by Mark Chmiel
Now they languish under our bombs and consider us, not their fellow Vietnamese, the real enemy. They move sadly and apathetically as we herd them off the land of their fathers into concentration camps where minimal social needs are rarely met. They know they must move on or be destroyed by our bombs. So they go, primarily women and children and the aged. They watch as we poison their water, as we kill a million acres of their crops. They must weep as the bulldozers roar through their areas preparing to destroy the precious trees.
–Martin Luther King, Jr., “Beyond Vietnam: A Time to Break the Silence” (1967)
Do not avoid contact with suffering or close your eyes before suffering. Do not lose awareness of the existence of suffering in the life of the world. Find ways to be with those who are suffering, including personal contact, visits, images and sounds. By such means, awaken yourself and others to the reality of suffering in the world.
–Thich Nhat Hanh, Interbeing (1987)
Toxic chemicals and defoliants were dropped, and lot of napalm. Many people today still have scars from napalm bombs. There were different kinds of fragmentation bombs, some the size of a fist. Even now people get killed from small, unexploded bombs. Wounded people were looked after by their families, or by the community if they had no children or relatives. The dead were buried everywhere, without coffins. Three people died in my family.
The Americans cannot repay this debt, because it’s too big.
–Mrs. Nguyen Thi Thiet, quoted in Martha Hess, Then the Americans Came: Voices from Vietnam (1993)
Unusual among Americans, Fred Wilcox has been willing to steadily look the suffering of the Vietnam War in the face. His 1983 book is entitled Waiting for an Army to Die and it helped to raise awareness about the afflictions of U.S. veterans battling with Agent Orange.
Wilcox’s second book on Agent Orange was published last fall, this time focused on the Vietnamese people who have been damaged by the U.S. war: Scorched Earth: Legacies of Chemical Warfare in Vietnam.
This year marks the 50th anniversary of the official U.S use of such herbicides as Agent Orange in Operation Hades, later renamed Operation Ranch Hand. After many years of research and study, Wilcox and his son, a photographer, traveled in Vietnam in 2009 to come into direct contact with the human suffering of successive generations of Vietnamese who have been exposed to Agent Orange.
One of the most valuable aspects of the book is the voices of the Vietnamese themselves. One urged Wilcox, “Go out to the countryside. Meet Agent Orange victims. Listen to what these people say. That is the best way to learn about the effects of Agent Orange.”[ 77]
One former soldier whose wife had monstrous offspring said, “In my family, there is always a fight with my children screaming all the night. After nearly 30 years since peace has been restored in the country, we have not experienced a single day of peace.”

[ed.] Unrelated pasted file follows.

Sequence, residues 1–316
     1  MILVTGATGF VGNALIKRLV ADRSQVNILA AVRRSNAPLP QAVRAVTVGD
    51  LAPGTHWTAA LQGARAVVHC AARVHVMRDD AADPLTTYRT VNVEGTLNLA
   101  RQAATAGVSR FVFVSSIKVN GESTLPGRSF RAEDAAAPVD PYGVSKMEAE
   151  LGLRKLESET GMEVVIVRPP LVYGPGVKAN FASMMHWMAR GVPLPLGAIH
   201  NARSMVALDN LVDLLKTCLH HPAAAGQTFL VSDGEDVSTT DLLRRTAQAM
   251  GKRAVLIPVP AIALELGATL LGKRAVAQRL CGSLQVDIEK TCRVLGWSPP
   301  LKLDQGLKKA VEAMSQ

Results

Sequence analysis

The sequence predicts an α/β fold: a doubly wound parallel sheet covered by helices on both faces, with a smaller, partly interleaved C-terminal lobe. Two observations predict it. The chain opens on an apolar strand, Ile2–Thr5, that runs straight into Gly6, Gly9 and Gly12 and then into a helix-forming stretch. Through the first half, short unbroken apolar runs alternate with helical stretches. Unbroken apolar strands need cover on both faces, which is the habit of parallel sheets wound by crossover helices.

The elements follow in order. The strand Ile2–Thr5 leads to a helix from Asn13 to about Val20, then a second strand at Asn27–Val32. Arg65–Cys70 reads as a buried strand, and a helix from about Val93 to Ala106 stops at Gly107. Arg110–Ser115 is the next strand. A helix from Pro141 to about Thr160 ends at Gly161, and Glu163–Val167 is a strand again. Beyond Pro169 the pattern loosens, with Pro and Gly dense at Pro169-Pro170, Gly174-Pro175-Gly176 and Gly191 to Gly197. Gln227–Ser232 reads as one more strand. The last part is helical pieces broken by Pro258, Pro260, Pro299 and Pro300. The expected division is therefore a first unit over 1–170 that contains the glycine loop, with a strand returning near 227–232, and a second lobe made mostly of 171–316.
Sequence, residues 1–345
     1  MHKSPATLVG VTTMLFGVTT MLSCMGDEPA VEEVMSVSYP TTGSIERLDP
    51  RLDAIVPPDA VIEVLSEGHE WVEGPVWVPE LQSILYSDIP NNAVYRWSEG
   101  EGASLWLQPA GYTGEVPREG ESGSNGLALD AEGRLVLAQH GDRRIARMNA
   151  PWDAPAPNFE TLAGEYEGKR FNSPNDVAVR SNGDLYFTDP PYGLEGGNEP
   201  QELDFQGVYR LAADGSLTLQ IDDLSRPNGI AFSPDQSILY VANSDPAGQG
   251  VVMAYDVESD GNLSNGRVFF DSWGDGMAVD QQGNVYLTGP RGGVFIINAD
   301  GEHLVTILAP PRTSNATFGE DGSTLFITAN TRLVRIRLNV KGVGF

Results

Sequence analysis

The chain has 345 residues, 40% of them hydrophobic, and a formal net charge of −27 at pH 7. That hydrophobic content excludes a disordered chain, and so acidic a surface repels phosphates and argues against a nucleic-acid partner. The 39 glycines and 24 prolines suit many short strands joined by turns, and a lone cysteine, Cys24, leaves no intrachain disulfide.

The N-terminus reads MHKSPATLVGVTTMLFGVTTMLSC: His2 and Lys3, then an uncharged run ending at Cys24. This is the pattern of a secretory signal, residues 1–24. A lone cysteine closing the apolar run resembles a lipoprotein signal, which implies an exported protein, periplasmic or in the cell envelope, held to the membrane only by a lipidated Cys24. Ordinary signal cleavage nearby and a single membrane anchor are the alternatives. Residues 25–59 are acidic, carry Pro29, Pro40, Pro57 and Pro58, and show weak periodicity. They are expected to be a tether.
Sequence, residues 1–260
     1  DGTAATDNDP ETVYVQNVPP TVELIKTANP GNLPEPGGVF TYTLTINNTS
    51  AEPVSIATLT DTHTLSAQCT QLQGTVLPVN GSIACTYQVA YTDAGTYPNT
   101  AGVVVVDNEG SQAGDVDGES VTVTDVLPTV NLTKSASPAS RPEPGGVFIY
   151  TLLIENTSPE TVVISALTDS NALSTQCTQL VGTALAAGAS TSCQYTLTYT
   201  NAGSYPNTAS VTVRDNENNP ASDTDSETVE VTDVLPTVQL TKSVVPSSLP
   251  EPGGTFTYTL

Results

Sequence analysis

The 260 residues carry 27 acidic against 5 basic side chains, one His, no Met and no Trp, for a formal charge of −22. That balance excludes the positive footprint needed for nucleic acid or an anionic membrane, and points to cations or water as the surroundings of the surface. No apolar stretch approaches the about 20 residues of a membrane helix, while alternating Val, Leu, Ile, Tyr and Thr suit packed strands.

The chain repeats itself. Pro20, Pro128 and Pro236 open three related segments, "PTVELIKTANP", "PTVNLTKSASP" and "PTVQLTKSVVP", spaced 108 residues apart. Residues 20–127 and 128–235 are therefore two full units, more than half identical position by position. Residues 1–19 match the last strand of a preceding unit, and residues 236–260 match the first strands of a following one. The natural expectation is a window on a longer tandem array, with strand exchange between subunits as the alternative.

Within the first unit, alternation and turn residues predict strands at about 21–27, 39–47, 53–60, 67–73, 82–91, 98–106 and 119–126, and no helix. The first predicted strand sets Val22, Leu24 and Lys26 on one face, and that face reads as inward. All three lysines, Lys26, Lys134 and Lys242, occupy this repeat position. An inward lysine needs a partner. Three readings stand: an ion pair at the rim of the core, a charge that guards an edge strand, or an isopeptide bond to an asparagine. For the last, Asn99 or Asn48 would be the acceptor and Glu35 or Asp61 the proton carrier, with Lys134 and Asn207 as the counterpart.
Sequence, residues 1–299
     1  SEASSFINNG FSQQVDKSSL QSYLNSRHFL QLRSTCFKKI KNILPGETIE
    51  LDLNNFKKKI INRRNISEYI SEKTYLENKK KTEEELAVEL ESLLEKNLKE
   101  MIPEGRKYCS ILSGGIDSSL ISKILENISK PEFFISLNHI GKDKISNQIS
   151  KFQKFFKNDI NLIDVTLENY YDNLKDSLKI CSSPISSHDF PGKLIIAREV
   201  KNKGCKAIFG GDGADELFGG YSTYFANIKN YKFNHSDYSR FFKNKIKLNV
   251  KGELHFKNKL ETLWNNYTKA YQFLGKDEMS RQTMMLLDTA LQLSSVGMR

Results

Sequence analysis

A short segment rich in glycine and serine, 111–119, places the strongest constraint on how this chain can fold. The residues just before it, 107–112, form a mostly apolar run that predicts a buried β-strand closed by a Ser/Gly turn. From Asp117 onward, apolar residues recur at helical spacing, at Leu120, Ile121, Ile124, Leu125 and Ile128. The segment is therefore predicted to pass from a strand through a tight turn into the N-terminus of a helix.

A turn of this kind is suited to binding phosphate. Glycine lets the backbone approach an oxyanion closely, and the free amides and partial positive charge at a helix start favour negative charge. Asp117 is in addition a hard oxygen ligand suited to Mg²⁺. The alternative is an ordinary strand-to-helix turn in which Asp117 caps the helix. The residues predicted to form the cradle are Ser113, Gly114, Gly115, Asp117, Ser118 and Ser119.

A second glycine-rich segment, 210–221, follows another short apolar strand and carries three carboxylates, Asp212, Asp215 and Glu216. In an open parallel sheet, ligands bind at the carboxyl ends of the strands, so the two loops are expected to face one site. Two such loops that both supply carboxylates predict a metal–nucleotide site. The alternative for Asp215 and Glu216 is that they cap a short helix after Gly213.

Doctor Nguyen Trong Nhan asserted, “Vietnam and its people continue to suffer from severe war wounds left behind by the largest chemical warfare in mankind’s history…. Thousands of people have already died in agony with deep indignation towards the perpetrators of crimes. Many women have suffered reproductive complications and even the total loss of the right to be a mother.” [43, 47]
In her work during the war, Dr. Nguyen Thi Ngoc Phuong noticed an increase in babies born with defects: “[In 1969] I delivered for the first time in my life a severely deformed baby. It had no head or arms. The mother didn’t see her child, and I tried to hide my tears and my fear from her. I couldn’t bring myself to tell her what the baby looked like, so I said it was very weak. It died, and I just told her that it had been too weak to live.” 
She told Wilcox that she has extended invitations to the manufacturers of Agent Orange to come to Vietnam and see the human consequences of their product. But they refuse to acknowledge the suffering and their role in causing it. Dr. Nguyen thinks that people of conscience the world over should boycott the products of companies like Monsanto, until these companies render compensation to their victims.
Back in 1973 as U.S. troops were leaving Vietnam, activist and poet Denise Levertov offered the following challenge to her fellow American citizens: “I would like to see this withdrawal followed by the penitent presentation to the people of Vietnam by the U.S. of huge quantities of food and supplies—such quantities that people here would feel the pinch, actually sacrifice something, not merely donate a surplus. I would like to see this given absolutely outright, and unaccompanied by U.S. ‘advisers,’ though large numbers of doctors, nurses and other people who might really be of use in reconstructing the ravaged country might humbly offer their services to work under Vietnamese supervision. Such acts of penitence distinct from the guilt that stews in its own juice would do something to make the future more livable for our children.”
Decades later, Wilcox’s accessible, compassionate, and indignant book is a call to Americans to contribute to a future more livable for Vietnamese children and families. Refusing to close his eyes to the suffering caused by U.S. militarism, he asks, “Do American Agent Orange children deserve more help, more love and kindness, than those who lie twisted, blind, and deaf upon pallets and floors and bamboo beds throughout Vietnam?”